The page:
Tuesday, October 19

Point of View

Pinterest LinkedIn Tumblr +

“Tennessee Coneflower” by Robin Conover Canon EOS 5D Mark IV EF 180mm, 3.5 L lens ISO 200, fl5.0 at 1/125 second, Gitzo tripod

The cedar glades in Middle Tennessee provide a habitat for some of the state’s rarest and most beautiful species of wildflowers. Several varieties like the Tennessee coneflower and yellow prairie coneflower thrive in this harsh habitat of barren limestone with very little topsoil.

You can explore this rare ecosystem in Long Hunter and the Cedars of Lebanon state parks. Both have protected natural areas within their boundaries that include stands of the Tennessee coneflower.

Due to conservation efforts, these localized populations have rebounded enough that the Tennessee coneflower was removed from the endangered species list in 2011.

I recently photographed this coneflower near the Bryant Grove and Cedar Glade Trail area of Long Hunter State Park just before sunset. Taking care to stay on the rocky areas near the road so as not to destroy any of the delicate plants by stepping on them, I looked for a single plant with a simple background. Many of the coneflowers in this patch face east so they are backlit at sunset. The warm light cast from behind added a translucence to each petal.

I used a small silver reflector to bounce a little light into the center of the flower. You don’t have to buy an expensive reflector to accomplish this effect; try a piece of foil wrapped around cardboard or even a white sheet of paper.

Either can serve to reflect light back onto a backlit subject.

Using a macro lens and mounting the camera on a tripod, I framed the flower against the green background to make the subject stand out. The macro lens had a very limited depth of field, so it completely blurred the details behind the flower. A complicated background would have distracted from the simplicity of the image.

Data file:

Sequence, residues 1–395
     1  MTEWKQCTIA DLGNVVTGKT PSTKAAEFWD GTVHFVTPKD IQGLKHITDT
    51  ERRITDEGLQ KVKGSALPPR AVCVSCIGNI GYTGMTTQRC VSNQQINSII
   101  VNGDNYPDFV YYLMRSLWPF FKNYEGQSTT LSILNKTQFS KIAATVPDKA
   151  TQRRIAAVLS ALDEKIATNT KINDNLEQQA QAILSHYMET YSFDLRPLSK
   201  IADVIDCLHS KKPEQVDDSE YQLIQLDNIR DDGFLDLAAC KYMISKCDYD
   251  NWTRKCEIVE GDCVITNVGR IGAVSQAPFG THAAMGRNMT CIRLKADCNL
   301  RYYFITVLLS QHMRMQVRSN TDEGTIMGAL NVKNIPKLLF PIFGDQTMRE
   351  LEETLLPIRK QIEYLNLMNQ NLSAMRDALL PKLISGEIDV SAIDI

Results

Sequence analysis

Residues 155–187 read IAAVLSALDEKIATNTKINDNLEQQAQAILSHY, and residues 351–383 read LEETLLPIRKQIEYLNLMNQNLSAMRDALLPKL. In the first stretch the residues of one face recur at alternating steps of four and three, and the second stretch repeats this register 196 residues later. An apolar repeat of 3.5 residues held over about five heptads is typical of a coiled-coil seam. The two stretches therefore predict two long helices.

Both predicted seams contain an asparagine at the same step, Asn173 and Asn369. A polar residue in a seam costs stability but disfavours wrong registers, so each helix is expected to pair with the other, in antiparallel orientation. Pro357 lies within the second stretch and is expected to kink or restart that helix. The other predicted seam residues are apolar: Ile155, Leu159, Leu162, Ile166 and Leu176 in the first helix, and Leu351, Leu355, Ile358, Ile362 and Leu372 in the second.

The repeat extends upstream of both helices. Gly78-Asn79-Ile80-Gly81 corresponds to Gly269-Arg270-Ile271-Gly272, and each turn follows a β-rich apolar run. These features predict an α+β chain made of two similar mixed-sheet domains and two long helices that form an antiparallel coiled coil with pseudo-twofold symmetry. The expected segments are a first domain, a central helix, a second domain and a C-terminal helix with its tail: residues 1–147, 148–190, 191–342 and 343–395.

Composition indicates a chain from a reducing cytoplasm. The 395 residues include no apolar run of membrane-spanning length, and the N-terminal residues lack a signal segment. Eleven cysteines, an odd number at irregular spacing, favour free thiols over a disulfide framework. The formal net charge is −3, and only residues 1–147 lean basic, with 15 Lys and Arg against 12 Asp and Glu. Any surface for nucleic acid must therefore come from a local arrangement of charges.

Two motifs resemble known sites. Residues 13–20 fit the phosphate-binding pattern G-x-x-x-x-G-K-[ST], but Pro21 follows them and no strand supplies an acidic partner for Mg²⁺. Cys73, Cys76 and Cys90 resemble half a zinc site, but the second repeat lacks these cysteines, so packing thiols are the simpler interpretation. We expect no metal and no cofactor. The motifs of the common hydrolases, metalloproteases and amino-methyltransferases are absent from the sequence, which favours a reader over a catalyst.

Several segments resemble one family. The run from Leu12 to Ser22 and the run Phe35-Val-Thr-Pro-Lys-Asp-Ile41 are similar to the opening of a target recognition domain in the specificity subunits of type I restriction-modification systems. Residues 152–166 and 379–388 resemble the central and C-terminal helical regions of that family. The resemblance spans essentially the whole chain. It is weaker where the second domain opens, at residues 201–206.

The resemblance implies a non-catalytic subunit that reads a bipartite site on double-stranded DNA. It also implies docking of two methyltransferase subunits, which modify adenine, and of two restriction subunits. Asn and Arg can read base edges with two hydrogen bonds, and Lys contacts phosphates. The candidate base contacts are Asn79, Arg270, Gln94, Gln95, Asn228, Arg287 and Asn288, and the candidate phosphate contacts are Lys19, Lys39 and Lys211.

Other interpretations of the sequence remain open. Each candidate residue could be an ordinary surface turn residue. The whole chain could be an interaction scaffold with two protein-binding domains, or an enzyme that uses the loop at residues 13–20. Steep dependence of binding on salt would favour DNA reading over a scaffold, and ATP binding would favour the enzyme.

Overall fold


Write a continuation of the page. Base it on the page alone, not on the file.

The jumping spider added another intricate part of life in the ecosystem. I observed it crawling back and forth as it left a single trail of web behind. I always feel privileged to witness the tiny details and opportunities nature provides if I just take the time to see them.

Share.

About Author

Robin Conover has spent the last 33 years documenting the people and places of Tennessee with The Tennessee Magazine. After graduating from Murray State University, Robin began working for magazine in October 1988 as a communications specialist and photojournalist. She now serves as TECA vice president of communications and editor of The Tennessee Magazine. Her interest in preserving the environment and Tennessee’s beautiful natural areas has led her down many miles of trails to capture thousands of images. Robin is currently a board member of the Friends of Radnor Lake, a nonprofit in Nashville. Robin’s images can be seen in greeting cards, calendars, books and at a few fine-art shows she participates in each year.

Comments are closed.